IBM Watson
IBM's Watson has been programmed to logically lay out the pros and cons of an argument and present them in natural language.IBM

IBM's Watson, the supercomputer made famous by its winning performance on the US gameshow Jeopardy, has been programmed to argue on complex moral and ethical issues.

The Debater function can be used to gather the pros and cons of any subject and construct arguments without any human intervention.

The prototype system was unveiled at a session at the Milken Institute Global Conference called Why Tomorrow Won't Look Like Today: Things that Will Blow Your Mind.

"This will give you a hint and a sense of where Watson is going in the future," said John Kelly, senior vice president at IBM Research.

"The real question is: Can a computer not just answer complex questions with simple answers but can a computer take raw information and digest and reason on that information and understand the context."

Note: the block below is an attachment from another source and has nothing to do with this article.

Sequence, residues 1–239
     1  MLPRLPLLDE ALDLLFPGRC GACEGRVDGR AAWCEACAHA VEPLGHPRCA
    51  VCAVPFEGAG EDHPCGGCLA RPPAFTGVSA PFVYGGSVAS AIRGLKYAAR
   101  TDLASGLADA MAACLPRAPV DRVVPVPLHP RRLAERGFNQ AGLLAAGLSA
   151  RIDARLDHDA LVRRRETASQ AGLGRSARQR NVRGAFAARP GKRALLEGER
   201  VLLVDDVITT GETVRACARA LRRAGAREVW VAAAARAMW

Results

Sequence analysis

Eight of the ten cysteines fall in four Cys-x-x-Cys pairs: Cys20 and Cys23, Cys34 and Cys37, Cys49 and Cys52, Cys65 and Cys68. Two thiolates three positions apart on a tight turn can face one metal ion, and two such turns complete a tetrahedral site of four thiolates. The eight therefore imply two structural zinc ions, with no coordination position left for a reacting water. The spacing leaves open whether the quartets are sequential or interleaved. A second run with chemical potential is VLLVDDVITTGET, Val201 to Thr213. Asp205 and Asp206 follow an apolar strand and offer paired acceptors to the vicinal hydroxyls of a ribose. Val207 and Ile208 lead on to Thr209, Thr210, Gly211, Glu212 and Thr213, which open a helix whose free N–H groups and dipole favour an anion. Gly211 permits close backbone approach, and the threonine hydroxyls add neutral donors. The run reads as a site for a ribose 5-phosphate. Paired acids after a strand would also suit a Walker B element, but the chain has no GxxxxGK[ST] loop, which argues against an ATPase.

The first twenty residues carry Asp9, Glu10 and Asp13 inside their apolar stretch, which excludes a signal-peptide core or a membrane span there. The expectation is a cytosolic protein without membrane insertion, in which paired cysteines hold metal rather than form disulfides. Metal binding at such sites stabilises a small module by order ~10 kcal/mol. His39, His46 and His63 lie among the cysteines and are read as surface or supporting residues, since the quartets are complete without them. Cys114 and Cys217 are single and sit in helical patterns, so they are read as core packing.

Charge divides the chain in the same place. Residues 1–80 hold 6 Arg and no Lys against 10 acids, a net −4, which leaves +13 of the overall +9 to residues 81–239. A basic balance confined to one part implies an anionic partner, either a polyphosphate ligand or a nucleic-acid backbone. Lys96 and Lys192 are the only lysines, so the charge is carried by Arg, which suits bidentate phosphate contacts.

In a demonstration video, the debater programme is given the topic: "The sale of violent video games to minors should be banned."

With access to large bodies of digital information, Watson responds in near-perfect English by outlining the primary arguments for and against the banning of such games to minors.

Official Watson logo

"Scanned approximately four million Wikipedia articles, returning 10 most relevant articles," Watson said. "Scanned all 3,000 sentences in top 10 articles. Detected sentences which contain candidate claims.

"Assessed pro and con polarity of candidate claims. Constructed demo speech with top claim predictions. Ready to deliver."

The argument laid out gave the top three most relevant pros and cons to the issue, although no conclusions were drawn by Watson.

Kelly believes that this technology can be used in a variety of real-world applications, including within pharmaceutical companies to create protocols for oncologists to deliver all the known medical information into debates and decision processes.

"Think about what this means. It's no longer a game 'man-versus-machine', it's man and machine reasoning together," Kelly said. "I believe this is the future of computing."